Video

Video Online Magazine Gets Kids Discussing Big Questions

Teen culture in America is often criticized for being superficial. But an online magazine has been encouraging some teenagers to explore deeper issues, and rewarding their efforts. VOA religion reporter Jerome Socolovsky went to this year’s Kidspirit awards ceremony in New York.
Video

Video US Community Kicks Off Thanksgiving With Parade

Thursday is Thanksgiving in the United States, a holiday whose roots go back to the country's earliest days as a British colony. One way Americans celebrate the occasion is with parades. Anush Avetisyan takes us to one such event on the day before Thanksgiving near Washington, where a community's diversity is on display. Joy Wagner narrates
Video

Video Aung San Suu Kyi: Myanmar Opposition to Keep Pushing for Constitutional Change

Myanmar opposition leader Aung San Suu Kyi says she and her supporters will continue pushing to amend a constitutional clause that bars her from running for president next year. VOA's Than Lwin Htun reports from the capital Naypyitaw in this report narrated by Colin Lovett.
Video

Video Mali Attempts to Shut Down Ebola Transmission Chain

Senegal and Nigeria were able to stop small Ebola outbreaks by closely monitoring those who had contact with the sick person and quickly isolating anyone with symptoms. Mali is now scrambling to do the same. VOA’s Anne Look reports from Mali on what the country is doing to shut down the chain of transmission.
Video

Video Ukraine Marks Anniversary of Deadly 1930s Famine

During a commemoration for millions who died of starvation in Ukraine in the early 1930s, President Petro Poroshenko lashed out at Soviet-era totalitarianism for causing the deaths and accused today’s Russian-backed rebels in the east of using similar tactics. VOA’s Daniel Shearf reports from Kyiv.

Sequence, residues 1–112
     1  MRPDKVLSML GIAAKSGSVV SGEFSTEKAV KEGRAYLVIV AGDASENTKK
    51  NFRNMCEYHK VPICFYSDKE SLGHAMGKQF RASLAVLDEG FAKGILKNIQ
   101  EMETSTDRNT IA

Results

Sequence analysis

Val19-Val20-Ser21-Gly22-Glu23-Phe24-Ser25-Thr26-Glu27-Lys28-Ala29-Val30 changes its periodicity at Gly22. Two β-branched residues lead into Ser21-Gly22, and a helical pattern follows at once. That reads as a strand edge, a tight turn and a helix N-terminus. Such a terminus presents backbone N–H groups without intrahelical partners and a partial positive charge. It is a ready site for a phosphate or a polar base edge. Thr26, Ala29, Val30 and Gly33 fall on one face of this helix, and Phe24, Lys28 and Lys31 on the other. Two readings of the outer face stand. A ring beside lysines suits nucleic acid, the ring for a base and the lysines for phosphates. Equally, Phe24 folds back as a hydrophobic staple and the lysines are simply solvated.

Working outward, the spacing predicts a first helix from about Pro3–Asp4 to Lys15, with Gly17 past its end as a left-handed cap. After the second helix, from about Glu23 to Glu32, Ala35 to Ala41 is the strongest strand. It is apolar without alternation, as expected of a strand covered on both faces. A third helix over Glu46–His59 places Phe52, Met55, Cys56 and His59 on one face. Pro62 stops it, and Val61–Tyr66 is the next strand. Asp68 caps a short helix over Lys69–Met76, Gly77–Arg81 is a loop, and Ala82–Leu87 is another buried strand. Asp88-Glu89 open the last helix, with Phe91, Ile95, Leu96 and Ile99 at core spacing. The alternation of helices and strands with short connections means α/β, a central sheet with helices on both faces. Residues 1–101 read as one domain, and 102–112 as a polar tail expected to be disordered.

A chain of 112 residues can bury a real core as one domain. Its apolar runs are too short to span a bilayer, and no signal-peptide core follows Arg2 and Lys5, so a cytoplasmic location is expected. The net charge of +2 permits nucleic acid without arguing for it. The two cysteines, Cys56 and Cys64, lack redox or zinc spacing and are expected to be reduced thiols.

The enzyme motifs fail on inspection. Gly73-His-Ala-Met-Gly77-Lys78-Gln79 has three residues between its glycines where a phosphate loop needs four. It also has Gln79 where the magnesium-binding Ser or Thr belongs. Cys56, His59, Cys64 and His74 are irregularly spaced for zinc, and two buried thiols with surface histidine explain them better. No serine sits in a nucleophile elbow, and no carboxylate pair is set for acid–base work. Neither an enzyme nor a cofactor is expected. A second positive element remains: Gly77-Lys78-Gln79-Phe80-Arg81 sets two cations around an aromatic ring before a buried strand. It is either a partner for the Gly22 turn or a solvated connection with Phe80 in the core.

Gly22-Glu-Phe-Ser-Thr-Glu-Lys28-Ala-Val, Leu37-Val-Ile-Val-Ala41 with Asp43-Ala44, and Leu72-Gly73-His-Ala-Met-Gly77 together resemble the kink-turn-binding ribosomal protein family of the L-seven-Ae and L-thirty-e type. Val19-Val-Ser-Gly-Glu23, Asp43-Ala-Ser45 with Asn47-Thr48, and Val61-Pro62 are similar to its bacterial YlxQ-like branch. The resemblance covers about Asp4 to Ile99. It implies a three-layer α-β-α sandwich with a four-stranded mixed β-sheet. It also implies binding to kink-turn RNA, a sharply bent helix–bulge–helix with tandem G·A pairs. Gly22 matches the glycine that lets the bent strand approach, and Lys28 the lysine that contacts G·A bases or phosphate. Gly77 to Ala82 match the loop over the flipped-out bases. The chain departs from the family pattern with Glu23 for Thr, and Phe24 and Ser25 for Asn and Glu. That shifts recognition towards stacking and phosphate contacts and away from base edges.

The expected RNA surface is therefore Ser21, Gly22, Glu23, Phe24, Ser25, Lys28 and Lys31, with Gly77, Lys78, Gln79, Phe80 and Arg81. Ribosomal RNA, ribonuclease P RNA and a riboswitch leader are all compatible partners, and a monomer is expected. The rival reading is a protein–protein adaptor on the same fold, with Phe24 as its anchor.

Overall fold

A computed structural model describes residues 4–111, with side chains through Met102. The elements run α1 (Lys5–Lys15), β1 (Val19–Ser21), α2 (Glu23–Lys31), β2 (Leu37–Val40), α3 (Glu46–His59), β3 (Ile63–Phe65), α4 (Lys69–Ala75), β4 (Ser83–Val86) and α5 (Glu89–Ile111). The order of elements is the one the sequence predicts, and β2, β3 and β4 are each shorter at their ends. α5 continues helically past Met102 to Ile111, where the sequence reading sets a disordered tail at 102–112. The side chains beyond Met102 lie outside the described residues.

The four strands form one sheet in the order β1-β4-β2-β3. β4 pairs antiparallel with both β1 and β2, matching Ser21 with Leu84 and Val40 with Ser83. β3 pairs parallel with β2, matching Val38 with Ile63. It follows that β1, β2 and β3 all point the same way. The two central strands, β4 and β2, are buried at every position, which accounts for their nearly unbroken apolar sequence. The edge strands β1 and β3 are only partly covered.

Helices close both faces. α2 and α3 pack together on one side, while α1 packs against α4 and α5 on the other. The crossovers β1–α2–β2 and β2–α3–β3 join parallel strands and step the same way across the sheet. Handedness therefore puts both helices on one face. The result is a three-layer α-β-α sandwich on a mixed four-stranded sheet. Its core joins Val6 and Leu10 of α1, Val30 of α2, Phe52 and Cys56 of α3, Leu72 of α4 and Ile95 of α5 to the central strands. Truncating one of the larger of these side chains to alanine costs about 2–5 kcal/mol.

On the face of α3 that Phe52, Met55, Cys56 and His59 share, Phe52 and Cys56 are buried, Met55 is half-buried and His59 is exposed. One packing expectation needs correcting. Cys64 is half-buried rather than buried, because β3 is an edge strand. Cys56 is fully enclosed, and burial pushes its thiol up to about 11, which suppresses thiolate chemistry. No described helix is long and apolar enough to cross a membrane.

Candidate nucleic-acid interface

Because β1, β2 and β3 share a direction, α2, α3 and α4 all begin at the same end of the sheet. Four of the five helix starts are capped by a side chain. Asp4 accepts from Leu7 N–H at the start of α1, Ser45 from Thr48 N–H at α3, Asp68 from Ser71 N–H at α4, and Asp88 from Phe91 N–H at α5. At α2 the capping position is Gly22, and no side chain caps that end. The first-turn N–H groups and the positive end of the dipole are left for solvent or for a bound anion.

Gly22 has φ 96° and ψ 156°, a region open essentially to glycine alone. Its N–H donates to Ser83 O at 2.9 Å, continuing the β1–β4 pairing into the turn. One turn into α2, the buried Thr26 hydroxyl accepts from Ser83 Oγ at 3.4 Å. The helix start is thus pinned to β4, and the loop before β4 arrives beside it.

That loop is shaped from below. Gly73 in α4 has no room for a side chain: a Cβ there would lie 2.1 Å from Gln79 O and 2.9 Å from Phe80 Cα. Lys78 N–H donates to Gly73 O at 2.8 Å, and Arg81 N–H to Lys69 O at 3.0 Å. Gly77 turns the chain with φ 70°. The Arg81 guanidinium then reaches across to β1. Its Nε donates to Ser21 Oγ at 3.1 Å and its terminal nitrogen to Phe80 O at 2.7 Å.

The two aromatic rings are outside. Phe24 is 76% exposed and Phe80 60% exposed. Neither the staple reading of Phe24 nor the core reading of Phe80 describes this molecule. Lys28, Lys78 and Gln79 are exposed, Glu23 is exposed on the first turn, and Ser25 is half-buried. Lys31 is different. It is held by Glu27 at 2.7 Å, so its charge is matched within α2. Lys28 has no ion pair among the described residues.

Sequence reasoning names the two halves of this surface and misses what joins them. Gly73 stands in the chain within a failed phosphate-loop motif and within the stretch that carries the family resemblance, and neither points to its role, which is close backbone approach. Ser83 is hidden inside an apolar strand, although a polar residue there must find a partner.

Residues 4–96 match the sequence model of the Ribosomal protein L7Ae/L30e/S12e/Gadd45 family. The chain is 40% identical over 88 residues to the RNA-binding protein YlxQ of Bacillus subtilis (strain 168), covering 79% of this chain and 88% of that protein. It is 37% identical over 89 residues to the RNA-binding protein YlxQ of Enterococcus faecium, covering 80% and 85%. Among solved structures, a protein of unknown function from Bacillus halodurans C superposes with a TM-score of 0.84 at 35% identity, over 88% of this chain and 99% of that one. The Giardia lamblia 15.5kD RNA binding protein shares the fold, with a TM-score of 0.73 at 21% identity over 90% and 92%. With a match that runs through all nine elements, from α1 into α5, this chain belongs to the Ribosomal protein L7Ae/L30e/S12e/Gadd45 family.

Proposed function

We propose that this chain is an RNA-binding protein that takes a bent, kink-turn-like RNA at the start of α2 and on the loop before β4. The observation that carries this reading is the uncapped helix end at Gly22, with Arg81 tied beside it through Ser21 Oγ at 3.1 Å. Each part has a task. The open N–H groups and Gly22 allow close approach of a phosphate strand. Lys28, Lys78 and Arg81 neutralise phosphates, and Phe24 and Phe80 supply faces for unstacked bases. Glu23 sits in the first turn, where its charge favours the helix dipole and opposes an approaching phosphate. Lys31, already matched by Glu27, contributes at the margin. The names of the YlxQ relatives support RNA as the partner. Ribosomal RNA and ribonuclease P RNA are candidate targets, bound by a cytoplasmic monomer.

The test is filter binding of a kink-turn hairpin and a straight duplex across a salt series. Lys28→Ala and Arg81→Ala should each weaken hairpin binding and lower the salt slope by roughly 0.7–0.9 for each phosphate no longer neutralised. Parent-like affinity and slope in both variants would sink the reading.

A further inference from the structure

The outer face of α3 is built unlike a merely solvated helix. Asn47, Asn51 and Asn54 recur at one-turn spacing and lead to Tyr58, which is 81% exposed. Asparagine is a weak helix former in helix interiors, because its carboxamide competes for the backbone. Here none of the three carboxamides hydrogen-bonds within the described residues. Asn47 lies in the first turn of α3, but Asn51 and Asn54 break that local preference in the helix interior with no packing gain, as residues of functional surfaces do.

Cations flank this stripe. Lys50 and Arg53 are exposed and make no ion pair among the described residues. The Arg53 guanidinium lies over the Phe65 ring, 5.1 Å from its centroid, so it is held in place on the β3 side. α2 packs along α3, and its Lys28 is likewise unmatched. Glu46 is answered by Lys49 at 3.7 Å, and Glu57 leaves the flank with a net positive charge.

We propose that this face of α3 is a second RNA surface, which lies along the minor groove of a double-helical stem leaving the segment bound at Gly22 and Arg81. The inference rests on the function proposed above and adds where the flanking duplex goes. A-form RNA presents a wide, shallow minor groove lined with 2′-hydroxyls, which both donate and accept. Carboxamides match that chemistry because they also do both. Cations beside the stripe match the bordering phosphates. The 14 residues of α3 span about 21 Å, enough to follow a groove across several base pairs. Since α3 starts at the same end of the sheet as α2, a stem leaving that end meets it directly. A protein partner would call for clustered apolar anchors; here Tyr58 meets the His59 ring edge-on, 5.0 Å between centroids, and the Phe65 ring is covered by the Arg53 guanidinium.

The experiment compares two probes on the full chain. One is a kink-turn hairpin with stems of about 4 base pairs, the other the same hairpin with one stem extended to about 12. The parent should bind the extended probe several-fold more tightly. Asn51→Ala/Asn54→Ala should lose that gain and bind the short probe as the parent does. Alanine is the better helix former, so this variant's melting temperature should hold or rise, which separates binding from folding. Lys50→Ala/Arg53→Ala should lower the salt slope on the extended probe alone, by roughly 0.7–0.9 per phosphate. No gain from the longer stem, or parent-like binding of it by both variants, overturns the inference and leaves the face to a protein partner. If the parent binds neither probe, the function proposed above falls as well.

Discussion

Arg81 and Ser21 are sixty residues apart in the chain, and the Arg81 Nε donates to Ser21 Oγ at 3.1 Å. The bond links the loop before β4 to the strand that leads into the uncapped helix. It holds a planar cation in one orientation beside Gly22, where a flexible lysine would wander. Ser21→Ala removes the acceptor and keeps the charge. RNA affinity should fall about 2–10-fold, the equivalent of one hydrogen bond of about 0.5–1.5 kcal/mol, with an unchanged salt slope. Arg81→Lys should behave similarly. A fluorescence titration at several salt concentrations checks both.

Video

Video Hong Kong Protests at a Crossroads

New public opinion polls in Hong Kong indicate declining support for pro-democracy demonstrations after weeks of street protests. VOA’s Bill Ide in Guangzhou and Pros Laput in Hong Kong spoke with protesters and observers about whether demonstrators have been too aggressive in pushing for change.
Video

Video US Immigration Relief Imminent for Mixed-Status Families

Tens of thousands of undocumented immigrants in the Washington, D.C., area may benefit from a controversial presidential order announced this week. It's not a path to citizenship, as some activists hoped. But it will allow more immigrants who arrived as children or who have citizen children, to avoid deportation and work legally. VOA's Victoria Macchi talks with one young man who benefited from an earlier presidential order, and whose parents may now benefit after years of living in fear.
Video

Video New Skateboard Defies Gravity

A futuristic dream only a couple of decades ago, the hoverboard – a skateboard that floats above the ground - has finally been made possible. While still not ready for mass production, it promises to become a cool mode of transport... at least over some surfaces. VOA’s George Putic reports.
Video

Video Falling Gas Prices Impact US Oil Extraction

With the price of oil now less than $80 a barrel, motorists throughout the United States are benefiting from gas prices below $3 a gallon. But as VOA’s Kane Farabaugh reports, the decreasing price of petroleum has a downside for the hydraulic fracturing industry in the United States.

All About America

AppleAndroid